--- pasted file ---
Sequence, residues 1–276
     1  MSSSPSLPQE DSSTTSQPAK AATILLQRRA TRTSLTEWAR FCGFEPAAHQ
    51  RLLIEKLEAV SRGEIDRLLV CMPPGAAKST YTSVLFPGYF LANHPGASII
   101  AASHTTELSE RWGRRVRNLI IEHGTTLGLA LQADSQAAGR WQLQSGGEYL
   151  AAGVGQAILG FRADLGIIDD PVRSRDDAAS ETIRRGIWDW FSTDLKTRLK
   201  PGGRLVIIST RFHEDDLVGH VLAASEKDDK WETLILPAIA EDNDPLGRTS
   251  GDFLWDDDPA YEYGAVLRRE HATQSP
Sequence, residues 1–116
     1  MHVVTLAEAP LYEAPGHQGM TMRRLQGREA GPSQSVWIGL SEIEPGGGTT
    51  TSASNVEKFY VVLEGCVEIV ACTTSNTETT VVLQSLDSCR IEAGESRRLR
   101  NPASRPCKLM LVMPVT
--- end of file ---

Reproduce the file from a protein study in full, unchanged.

Sequence, residues 1–276
     1  MSSSPSLPQE DSSTTSQPAK AATILLQRRA TRTSLTEWAR FCGFEPAAHQ
    51  RLLIEKLEAV SRGEIDRLLV CMPPGAAKST YTSVLFPGYF LANHPGASII
   101  AASHTTELSE RWGRRVRNLI IEHGTTLGLA LQADSQAAGR WQLQSGGEYL
   151  AAGVGQAILG FRADLGIIDD PVRSRDDAAS ETIRRGIWDW FSTDLKTRLK
   201  PGGRLVIIST RFHEDDLVGH VLAASEKDDK WETLILPAIA EDNDPLGRTS
   251  GDFLWDDDPA YEYGAVLRRE HATQSP
Sequence, residues 1–116
     1  MHVVTLAEAP LYEAPGHQGM TMRRLQGREA GPSQSVWIGL SEIEPGGGTT
    51  TSASNVEKFY VVLEGCVEIV ACTTSNTETT VVLQSLDSCR IEAGESRRLR
   101  NPASRPCKLM LVMPVT